The group discussed this “loop hole” and suggested consideration of an amendment to the 360 rules that would restrict the number of registered and permitted sites and/or the total amount of material that might be handled within some radial distance or within a town.  Whether DEC has legislative authority for such a rule needs to be considered. NYC has a law that certain kinds of facilities cannot be sited within a certain distance of a similar facility.  This is NYC regulation stemming from environmental justice concerns.

 

Enforcement:

Even when a violation is noted, if the operator is not cooperative, the legal process can take several years.

Many odor complaints are in early morning or in the evening (probably due to air movement and due to when residents are at home) when most environmental and health agency personnel are not at work.

There seem to be sites where operators may be taking more and different materials than they are allowed.  Who/how is this being monitored?

The idea of making permits good only for a year (vs. 5) was discussed. It was noted that facilities have the right to a permit renewal and a denial would trigger an adjudicative hearing so it may not make a lot of difference.

 

Training and Certification of Operators:

Smaller facilities, especially municipally operated, need education.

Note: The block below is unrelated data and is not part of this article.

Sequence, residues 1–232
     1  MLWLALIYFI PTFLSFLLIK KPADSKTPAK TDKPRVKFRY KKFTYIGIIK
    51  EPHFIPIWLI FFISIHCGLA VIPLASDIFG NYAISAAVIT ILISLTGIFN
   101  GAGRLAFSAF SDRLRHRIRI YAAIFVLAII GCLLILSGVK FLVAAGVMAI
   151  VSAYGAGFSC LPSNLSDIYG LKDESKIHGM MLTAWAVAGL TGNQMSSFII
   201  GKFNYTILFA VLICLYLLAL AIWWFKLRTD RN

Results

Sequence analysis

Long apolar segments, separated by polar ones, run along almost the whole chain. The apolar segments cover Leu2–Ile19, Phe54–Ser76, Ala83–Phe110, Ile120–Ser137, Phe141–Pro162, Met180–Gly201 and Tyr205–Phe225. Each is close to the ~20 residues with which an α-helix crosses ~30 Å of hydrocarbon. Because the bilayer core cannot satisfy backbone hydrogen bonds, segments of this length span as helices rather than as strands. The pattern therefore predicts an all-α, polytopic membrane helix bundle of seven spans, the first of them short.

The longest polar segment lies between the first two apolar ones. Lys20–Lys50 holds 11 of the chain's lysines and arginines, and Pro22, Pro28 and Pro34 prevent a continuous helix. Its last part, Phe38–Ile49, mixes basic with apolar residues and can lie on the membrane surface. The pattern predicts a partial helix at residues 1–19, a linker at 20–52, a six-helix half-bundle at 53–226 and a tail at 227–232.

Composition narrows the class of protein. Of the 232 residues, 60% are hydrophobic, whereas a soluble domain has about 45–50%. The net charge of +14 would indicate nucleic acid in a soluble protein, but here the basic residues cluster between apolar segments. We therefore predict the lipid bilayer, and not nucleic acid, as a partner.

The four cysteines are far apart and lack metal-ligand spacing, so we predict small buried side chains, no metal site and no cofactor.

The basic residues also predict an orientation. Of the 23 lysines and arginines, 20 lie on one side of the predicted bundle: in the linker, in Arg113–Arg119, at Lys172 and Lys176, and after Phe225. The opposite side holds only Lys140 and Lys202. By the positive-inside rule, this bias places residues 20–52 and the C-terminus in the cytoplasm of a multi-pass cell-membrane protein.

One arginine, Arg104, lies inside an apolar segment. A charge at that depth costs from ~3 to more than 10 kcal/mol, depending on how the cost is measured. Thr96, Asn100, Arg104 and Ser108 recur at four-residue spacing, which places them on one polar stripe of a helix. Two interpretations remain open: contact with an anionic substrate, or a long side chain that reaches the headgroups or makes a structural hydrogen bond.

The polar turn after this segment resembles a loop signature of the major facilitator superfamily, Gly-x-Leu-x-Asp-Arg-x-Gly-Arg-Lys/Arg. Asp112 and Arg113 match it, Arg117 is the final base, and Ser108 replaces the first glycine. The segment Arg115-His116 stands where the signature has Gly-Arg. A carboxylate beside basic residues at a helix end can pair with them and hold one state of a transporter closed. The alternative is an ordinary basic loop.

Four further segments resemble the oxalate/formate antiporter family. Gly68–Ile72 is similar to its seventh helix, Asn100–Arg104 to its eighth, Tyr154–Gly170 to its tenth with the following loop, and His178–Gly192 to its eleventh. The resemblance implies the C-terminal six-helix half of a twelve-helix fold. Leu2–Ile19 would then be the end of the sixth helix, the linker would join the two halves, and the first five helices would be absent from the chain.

Protecting worker health is a justification for training.

Education regarding marketing compost is needed by many, especially municipalities.

Requiring certification and training might be good.  Need a strong carrot or stick. If not required, it will not reach all operators. 

Could training be specifically offered to municipalities and could it be done locally?  Is there a “carrot” to offer? Such as lower insurance rates?

Would a training DVD be useful? SWANA may have such a distance learning option.

Pennsylvania Organics Council does centralized several day training and then does specialty one day trainings around the state.  Funded by the state DEP.

DEC constraints regarding staffing and funding are a concern in requiring a training and certification program.

DEC requires landfill operators to be certified.  Operators can receive training from a number of sources and must then pass a test.

Continuing education credits could be required and could be given for attending conferences and courses.

DEC permit for NYC Dept. of Sanitation composting facilities requires DEC approval if operator changes since the current operator is viewed as well qualified.

Updates

360 update, Sally Rowland, NYS DEC – no scheduled changes to 360

Compost applications to turf, vineyards, and landscaping, research and extension project nearing completion by CWMI and Horticulture Dept.

NYSDOT composting road kill pathogen research/outreach project, CWMI project. Data collection is complete.  Workshops planned for summer 07.

Mortality and flesh composting; Avian influenza guidance, CWMI has a contract with NYS DEC.

Dried manure as dairy barn bedding, CWMI and others conducting research and outreach.

Bioassay of sludge applications using earthworms. CWMI and Cornell faculty research project.

Outreach – materials available or coming soon:

Additional compost fact sheets, CWMI

DVD and fact sheet on roadkill composting (including a Spanish translation of the FS)